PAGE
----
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From 2,000 to 6 CEO Contenders


July 2013 – Vol: 36 No. 7
by Charlene Komar Storey

How JMFA gets down to the finalists in an executive search

July 30, 2013

This is bonus coverage from “Big Decision” in the August issue of Credit Union Management magazine.

Whittling down a large field of finalists and ultimately choosing a new CEO for a credit union is unquestionably a challenge. How is it done?

Charles Shanley, SPHR, executive vice president of John M. Floyd & Associates, a recruitment and consulting firm and CUES strategic partner, says JMFA starts a search process for a credit union with 2,000 potential candidates, and ultimately presents a board or search committee with six to 10 finalists.

The 2,000 figure may send eyebrows skyward, but Shanley points out that doesn’t mean the company collects that many responses from a blind want ad. “We’re proactive,” he says. For instance, JMFA uses many candidate sourcing strategies, including social media, targeting people from the credit union’s market area and a variety of networking groups.

The next step is to go on site and identify the CU’s culture. “It’s important to know exactly what the culture is for this institution, and you can’t properly assess this without being there physically,” Shanley says.

JMFA focuses on core competencies, typically established by the board. Common competencies include vision, strategic direction, leadership, cultural fit, communication skills, overall experience and community involvement. The competencies are weighted on a formula-based spreadsheet to reflect each one’s level of importance. For example, a board could give vision a weight of 20 percent, strategic direction 15 percent, cultural fit 15 percent, community involvement 10 percent, leadership 20 percent, and so on until the weights add up to 100 percent.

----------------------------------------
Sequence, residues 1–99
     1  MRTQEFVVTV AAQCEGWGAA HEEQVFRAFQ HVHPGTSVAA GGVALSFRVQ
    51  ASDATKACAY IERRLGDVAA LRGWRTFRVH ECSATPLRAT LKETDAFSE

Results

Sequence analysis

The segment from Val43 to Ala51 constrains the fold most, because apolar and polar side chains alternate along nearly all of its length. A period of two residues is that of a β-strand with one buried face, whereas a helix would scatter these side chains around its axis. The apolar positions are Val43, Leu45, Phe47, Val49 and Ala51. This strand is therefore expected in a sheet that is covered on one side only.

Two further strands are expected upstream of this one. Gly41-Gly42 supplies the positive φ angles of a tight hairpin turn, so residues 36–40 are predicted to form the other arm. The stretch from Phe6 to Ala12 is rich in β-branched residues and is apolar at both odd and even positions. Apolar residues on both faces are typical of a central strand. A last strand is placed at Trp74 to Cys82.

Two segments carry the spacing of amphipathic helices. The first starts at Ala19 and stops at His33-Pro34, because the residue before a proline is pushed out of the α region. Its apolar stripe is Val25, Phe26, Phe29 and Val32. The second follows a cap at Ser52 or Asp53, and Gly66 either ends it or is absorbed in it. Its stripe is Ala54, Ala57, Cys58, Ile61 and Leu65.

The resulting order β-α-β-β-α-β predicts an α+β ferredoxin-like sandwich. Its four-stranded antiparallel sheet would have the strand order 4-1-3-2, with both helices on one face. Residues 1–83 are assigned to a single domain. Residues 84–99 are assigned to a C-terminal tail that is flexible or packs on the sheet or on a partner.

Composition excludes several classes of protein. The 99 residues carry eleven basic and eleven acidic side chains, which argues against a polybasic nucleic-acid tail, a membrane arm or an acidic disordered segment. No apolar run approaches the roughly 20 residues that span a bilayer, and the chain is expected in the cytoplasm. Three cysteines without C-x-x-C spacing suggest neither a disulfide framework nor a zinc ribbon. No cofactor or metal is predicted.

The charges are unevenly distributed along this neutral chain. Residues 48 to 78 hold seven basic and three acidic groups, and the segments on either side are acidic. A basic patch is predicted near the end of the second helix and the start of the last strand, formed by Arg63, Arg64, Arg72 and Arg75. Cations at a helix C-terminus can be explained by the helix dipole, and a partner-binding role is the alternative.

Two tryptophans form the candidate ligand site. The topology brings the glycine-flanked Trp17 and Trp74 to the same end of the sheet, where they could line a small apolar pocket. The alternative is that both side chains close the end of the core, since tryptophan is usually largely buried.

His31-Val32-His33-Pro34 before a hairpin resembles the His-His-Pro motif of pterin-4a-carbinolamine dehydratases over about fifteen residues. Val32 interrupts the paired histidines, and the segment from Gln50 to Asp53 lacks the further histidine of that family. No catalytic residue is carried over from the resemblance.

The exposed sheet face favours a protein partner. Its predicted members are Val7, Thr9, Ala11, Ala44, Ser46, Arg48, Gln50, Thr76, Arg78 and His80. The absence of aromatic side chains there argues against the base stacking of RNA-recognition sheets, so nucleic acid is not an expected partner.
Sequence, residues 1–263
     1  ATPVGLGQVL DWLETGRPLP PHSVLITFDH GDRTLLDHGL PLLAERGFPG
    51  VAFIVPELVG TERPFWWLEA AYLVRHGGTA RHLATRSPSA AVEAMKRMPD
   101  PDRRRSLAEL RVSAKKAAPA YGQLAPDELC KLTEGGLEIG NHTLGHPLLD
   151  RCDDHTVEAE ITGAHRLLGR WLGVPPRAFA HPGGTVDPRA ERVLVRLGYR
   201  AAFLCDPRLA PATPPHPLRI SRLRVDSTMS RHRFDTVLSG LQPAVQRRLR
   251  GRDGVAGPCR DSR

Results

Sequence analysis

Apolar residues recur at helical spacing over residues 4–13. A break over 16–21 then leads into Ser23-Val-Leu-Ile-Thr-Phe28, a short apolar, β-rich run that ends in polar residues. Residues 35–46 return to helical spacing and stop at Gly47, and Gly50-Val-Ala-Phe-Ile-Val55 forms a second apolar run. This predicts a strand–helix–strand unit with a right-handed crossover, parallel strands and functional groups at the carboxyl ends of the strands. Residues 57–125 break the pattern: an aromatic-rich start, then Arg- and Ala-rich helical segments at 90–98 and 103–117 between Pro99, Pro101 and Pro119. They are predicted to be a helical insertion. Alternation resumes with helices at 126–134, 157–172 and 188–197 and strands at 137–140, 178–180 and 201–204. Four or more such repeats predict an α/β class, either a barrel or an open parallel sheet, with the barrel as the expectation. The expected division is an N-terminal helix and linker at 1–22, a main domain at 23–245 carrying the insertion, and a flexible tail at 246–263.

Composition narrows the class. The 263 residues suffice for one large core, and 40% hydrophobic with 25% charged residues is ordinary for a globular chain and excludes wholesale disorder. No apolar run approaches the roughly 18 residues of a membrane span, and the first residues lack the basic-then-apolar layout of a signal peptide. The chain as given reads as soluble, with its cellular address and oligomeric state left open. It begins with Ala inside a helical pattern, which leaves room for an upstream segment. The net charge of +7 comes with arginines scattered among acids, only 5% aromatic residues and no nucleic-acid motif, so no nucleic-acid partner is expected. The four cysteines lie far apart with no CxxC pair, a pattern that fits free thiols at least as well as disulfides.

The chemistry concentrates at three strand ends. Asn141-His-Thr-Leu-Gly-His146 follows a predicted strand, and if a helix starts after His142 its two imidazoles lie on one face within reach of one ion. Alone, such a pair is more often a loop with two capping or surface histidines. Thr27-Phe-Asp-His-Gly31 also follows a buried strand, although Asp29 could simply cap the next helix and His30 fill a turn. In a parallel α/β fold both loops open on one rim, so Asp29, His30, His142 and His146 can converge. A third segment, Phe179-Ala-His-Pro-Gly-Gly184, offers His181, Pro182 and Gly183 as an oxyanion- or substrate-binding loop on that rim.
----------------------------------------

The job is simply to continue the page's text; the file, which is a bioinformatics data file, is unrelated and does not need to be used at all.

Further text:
This weighted list of competencies is initially used by JMFA to first select about 50 candidates to invite to complete a strategic questionnaire or project, Shanley says. The project may be a request to delineate what short-term and long-term plans a candidate would put in place in his or her first year at the credit union.

“We see how they write; we see how they think,” he explains. Typically, the project will run 20 to 30 pages, including graphs and charts. Generally, everyone who is invited to participate in this chooses to do so.

By this point in the process, JMFA has concluded a full background check. That leaves only personality profile testing to be done.

For many years, JMFA has used the executive assessment from Omnia Group.

“I have personally taken every test out there, Shanley says. “Some are good and some bad, but they usually all are pretty close on accuracy. The Omnia Group assessment can be specific to financial institutions and to the level of search (CEO). The test does not take long, 20-40 minutes.

“I was a skeptic about these kinds of assessments 10 years ago, but after studying assessments and being involved with them for so long, I’ve really come to believe in its accuracy and the idea that the results truly are an indicator of the person taking the assessment. The testing is another great resource to use in a CEO selection process, in addition to weighting competencies and using good interviewing techniques.”

JMFA then uses the same weighted list of competencies to select a final roster of up to six to 10 candidates to present to the board to interview. The presentation typically includes the candidate’s resume, a completed questionnaire/project, candidates’ compensation requirements and the results of their personality/profile testing.

The board may conduct up to two phone, video or in-person interviews of the six to 10 finalists; a third interview is almost always done in person. Whatever the venue, Shanley stresses the need for consistency.

“Go through someone’s background, but be sure to ask the same questions as much as possible” of all candidates, and base ratings on that same set of weighted competencies that has been used through the search process so far, he advises. “Otherwise, you’re not interviewing fairly and it is more difficult to assess candidates against each other.”

Charlene Komar Storey is a freelance writer based in New Jersey.

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